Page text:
Figure 87 Frame Relay Header

1 2 Variable 2 i

Retey Address Header

Data

FC S

Flag

f

Byte 1

Byte 2

-

DLCf

C/R

EA

DLCI

FE CM

BECN

DE*

EA

*|f I here is a proWem, discard the data

*|f I here is a proWem, discard the data

Think of the 10-bit DLCI like the MAC address on a LAN. Both are Layer 2 addresses, and routing re mappings of IP next hops to Layer 2 addresses. The DLCI identifies the local connection. The Command/Response (C/R) bit is application-specific and not modified by the network, and the Ext< bits allow for a 3- or 4-byte header. Current implementations use a 2-byte DLCI, but the EA bits al growth in the future. The next 3 bits are used for congestion control. Figure 8-8 shows a graphical explicit congestion notification (ECN).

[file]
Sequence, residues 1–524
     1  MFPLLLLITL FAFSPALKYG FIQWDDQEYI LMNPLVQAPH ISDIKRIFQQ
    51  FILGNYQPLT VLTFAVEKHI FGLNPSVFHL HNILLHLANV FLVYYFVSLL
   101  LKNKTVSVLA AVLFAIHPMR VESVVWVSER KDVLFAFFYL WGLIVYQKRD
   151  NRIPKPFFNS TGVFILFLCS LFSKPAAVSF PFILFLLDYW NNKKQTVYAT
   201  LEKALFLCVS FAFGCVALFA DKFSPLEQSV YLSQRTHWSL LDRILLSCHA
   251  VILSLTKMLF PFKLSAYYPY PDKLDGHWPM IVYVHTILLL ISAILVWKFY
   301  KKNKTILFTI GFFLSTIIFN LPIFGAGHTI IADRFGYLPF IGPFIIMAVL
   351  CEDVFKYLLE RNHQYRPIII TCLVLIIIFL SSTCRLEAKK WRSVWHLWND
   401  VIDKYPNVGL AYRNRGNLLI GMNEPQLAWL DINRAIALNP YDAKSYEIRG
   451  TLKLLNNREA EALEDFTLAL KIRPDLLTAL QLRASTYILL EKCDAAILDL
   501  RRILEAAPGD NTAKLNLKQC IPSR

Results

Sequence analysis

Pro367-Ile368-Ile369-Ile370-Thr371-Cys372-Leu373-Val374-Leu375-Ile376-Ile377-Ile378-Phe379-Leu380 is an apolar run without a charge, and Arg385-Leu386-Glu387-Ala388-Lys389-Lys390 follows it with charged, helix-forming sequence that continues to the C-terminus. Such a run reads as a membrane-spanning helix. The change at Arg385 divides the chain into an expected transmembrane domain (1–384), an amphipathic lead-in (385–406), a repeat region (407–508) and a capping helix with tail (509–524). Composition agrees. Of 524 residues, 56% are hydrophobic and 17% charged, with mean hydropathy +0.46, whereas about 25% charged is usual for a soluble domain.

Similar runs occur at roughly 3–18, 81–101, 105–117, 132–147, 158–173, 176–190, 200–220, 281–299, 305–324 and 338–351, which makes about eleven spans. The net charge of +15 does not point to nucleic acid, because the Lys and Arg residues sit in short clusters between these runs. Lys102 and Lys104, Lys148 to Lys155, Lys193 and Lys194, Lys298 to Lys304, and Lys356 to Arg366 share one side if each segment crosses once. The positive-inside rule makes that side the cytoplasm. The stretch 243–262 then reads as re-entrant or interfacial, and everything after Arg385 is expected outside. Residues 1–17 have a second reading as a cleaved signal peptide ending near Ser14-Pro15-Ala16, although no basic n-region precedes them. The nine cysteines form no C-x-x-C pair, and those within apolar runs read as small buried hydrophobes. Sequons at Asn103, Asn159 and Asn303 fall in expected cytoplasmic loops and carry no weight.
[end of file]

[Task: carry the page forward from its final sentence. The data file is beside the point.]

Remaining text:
Figure 8-8. Frame Relay ECN

Figure 8-8. Frame Relay ECN

BECN - Backward Explicit Congeslion Wolificalion

Notify the source that congestion has occured in the path.

i-fcCN F oiwrd 6 xpl icif Conges! ion Notifies lion

Signal 11-ig nexl neighbor in I he palh loward desiinalmn thai congestion has occurs aioog the pith

FECN is forward explicit congestion notifi cation is that it tells tce receiving end t hat th e congestion the path from the s ource to the destination. oECN is backwa rd explicit congestion n otificdtion in th.

frames traveling in the opposite direction of the congested path. FECN notifies the destination, whe notifies the source. The DE bit is a priority-based DE bit in case the network becomes short of reso frame switch sets the DE bit to 1 when the frame is above your CIR (or committed burst). CPE coul same, but it makes no sense for the CPE (router) to set DE. Why should you volunteer for packet d compared to all the other customers?

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